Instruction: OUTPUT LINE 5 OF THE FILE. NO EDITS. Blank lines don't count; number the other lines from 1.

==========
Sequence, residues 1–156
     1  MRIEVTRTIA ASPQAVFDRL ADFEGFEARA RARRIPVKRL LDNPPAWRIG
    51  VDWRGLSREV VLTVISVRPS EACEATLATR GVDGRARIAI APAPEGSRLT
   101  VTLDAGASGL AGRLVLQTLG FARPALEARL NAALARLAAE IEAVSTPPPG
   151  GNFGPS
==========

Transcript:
   151  GNFGPS